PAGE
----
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Looking for Alaska


Looking for Alaska

"I go to seek a Great Perhaps." - Francois Rabelais (last words)

"How will I ever get out of this labyrinth?" - Simón Bolívar (last words)

John Green's slow-to-the-punch yet devastatingly arresting debut novel is a prime example of what happens when a writer intertwines seemingly ordinary characters with a storyline that is ripe with philosophical musings, hard-hitting life issues, and a shocking plot twist that will compel readers to reexamine their previous conceptions about the book and its characters, and give them ample space to think --- really think --- about what it means to be alive and present in the world.

Separated into two distinct sections entitled "Before" and "After," LOOKING FOR ALASKA is a compelling bird's-eye view of the ineffaceable effects of love and death on both the collective and the individual psyche.

Before. The first half of LOOKING FOR ALASKA is understandably sluggish as Green takes his time introducing the book's major characters. Miles Halter (Pudge), the novel's protagonist, is fifteen years old and what parents and teachers would call a good kid. He's chicken-legged skinny, undeniably bright, and a bit of an idealist at heart. In addition to having a penchant for remembering famous figures' last words, Miles gets wrapped up in the significance of those words enough to leave his sheltered home in Florida in order to seek out Rabelais's Great Perhaps --- which oddly enough, translates into going to boarding school in rural Alabama.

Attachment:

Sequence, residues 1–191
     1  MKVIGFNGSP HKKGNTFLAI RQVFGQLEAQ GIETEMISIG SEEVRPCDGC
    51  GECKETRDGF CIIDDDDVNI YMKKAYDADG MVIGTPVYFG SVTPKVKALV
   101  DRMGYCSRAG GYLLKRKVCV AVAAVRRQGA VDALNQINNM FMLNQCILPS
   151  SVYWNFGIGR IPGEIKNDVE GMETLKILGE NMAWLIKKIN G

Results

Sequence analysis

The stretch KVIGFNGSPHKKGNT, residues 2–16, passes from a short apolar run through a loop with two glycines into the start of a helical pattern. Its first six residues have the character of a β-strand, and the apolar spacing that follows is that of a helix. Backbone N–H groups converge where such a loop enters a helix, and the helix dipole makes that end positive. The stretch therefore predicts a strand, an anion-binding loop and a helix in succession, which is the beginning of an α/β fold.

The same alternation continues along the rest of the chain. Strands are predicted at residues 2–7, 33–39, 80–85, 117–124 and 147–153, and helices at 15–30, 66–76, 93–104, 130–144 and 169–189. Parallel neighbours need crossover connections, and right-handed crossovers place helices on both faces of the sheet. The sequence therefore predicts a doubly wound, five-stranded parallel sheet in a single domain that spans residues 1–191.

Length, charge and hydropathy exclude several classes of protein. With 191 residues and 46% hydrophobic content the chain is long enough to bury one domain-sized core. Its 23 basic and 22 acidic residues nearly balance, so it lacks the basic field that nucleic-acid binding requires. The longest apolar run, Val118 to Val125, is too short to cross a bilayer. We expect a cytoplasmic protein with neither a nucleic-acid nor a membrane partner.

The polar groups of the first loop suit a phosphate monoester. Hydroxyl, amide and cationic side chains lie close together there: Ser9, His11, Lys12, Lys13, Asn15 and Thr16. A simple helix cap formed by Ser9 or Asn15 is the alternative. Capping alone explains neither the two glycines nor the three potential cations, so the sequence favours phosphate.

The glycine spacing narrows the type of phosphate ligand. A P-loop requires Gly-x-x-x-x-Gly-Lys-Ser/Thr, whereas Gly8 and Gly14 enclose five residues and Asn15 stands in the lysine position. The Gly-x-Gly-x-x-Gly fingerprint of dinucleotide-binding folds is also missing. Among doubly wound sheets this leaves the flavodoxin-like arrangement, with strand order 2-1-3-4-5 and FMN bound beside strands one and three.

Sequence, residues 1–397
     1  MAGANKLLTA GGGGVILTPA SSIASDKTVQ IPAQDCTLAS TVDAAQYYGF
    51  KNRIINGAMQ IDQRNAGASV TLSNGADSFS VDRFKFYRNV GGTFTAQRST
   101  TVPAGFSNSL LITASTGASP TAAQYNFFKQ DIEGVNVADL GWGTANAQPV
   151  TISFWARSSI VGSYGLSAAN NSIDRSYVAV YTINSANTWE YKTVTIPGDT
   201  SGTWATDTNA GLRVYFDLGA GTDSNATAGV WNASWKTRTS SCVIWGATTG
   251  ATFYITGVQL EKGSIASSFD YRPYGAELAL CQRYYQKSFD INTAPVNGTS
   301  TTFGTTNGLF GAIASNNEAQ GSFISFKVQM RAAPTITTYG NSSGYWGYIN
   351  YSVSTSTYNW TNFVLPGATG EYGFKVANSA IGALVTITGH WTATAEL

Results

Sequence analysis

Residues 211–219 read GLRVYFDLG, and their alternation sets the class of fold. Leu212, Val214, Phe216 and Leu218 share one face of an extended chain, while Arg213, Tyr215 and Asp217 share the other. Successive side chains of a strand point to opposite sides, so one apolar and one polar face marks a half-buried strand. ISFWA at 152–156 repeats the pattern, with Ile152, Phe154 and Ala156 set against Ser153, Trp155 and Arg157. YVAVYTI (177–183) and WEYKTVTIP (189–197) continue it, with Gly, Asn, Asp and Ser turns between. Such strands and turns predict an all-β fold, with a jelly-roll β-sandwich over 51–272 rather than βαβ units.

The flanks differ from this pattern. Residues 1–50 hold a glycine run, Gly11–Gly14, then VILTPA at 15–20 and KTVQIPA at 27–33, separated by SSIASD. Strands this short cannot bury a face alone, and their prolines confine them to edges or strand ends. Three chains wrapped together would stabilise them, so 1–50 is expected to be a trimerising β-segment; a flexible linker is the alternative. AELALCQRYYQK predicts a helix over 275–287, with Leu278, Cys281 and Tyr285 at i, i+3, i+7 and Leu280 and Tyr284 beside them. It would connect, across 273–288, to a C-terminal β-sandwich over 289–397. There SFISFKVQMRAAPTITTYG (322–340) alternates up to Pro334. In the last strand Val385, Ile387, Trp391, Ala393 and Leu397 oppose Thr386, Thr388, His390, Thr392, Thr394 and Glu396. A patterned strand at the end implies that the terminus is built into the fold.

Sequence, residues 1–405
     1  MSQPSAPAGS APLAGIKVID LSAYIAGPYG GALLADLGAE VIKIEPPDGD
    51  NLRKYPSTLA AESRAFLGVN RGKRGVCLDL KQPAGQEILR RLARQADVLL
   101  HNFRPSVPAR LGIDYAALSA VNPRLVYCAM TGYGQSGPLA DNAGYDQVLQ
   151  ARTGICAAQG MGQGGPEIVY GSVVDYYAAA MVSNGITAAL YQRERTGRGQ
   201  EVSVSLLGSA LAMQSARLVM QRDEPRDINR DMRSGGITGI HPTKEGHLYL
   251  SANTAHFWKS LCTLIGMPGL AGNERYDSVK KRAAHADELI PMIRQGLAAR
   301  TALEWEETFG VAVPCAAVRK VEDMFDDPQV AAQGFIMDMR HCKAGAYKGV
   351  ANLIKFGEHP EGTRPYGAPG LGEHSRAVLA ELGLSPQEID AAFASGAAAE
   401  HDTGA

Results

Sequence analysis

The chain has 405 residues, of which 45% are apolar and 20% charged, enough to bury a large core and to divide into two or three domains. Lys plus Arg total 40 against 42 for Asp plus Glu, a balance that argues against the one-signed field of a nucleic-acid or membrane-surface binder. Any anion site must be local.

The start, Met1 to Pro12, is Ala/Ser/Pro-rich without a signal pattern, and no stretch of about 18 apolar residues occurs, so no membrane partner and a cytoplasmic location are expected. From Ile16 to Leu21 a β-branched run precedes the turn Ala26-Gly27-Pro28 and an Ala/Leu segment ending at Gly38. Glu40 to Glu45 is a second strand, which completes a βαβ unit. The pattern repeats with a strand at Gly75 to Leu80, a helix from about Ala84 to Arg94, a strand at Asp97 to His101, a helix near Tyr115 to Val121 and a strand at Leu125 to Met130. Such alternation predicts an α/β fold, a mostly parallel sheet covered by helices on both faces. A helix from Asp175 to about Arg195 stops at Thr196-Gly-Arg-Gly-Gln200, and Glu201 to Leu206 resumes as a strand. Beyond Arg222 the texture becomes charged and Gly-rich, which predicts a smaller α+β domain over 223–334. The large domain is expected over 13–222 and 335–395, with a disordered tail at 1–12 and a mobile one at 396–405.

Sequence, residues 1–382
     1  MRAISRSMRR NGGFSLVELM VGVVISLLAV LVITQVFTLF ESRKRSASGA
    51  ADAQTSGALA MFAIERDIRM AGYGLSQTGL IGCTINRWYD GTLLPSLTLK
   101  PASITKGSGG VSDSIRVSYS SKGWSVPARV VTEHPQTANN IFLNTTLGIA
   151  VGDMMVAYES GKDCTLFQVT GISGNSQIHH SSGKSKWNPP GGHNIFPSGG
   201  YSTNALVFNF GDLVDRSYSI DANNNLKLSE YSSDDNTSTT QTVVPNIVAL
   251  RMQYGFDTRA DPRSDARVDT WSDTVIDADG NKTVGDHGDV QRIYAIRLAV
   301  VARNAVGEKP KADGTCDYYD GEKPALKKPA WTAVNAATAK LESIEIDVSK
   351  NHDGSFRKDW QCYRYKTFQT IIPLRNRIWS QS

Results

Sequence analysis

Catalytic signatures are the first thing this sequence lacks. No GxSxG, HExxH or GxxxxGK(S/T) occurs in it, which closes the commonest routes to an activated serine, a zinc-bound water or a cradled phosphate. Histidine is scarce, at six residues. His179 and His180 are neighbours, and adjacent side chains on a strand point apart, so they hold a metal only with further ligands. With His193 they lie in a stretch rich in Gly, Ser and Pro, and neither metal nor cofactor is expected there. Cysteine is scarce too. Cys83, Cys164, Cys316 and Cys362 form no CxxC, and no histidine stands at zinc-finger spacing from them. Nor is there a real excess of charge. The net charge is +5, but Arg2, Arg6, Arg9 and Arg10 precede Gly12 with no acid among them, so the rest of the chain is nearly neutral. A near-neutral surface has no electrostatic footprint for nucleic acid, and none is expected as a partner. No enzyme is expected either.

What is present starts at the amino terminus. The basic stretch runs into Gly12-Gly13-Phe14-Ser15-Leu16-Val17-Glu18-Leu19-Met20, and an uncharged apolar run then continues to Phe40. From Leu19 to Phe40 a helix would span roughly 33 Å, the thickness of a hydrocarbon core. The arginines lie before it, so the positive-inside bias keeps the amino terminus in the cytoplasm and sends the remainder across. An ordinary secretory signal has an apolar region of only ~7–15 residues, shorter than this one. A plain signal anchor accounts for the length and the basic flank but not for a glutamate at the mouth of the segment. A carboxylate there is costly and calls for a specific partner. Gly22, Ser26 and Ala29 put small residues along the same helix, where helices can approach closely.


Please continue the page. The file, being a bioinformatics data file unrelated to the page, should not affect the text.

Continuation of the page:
There, he befriends a ragtag group of early teens, including his boisterous roommate, appropriately nicknamed the Colonel; Takumi, the soft-spoken and musically inclined Japanese whiz kid; Lara, the gorgeous and mild-mannered Romanian; and Alaska, the sexy, fly-by-the-seat-of-her-pants leader of the group. For a while, not much happens to push the plot along aside from these characters' occasional mischief, i.e. getting busted for smoking cigarettes on campus, drinking liquor in their dorm rooms, sneaking out after curfew, and the like --- harmless behavior with harmless consequences.

After. In the second half of the novel, Green discloses what he's been building up to in previous chapters (with headings suitably titled "one hundred and thirty-six days before," "one hundred twenty-seven days before," and so on): Alaska Young's death. In an up-close and personal manner, the details of Alaska's last moments are chronicled through the eyes of Miles and his pals as they struggle to understand how something so unthinkable could have happened in their intimate community. Was it an accident, or did she kill herself in a selfish attempt to plow her way out of the labyrinth? Could her friends have stopped her, knowing what they knew about her past? Would life ever be the same, now that Alaska was dead?

Sadness, guilt, anger, trust, renewal --- the signature signs of grief and healing are all delicately unpacked in John Green's coming-of-age novel. Full of quiet incidents with larger than life lessons, LOOKING FOR ALASKA is a poignant novel that teens should not overlook.

Reviewed by Alexis Burling on March 3, 2005

Looking for Alaska
by John Green

  • Publication Date: March 3, 2005
  • Genres: Fiction
  • Hardcover: 160 pages
  • Publisher: Dutton Juvenile
  • ISBN-10: 0525475060
  • ISBN-13: 9780525475064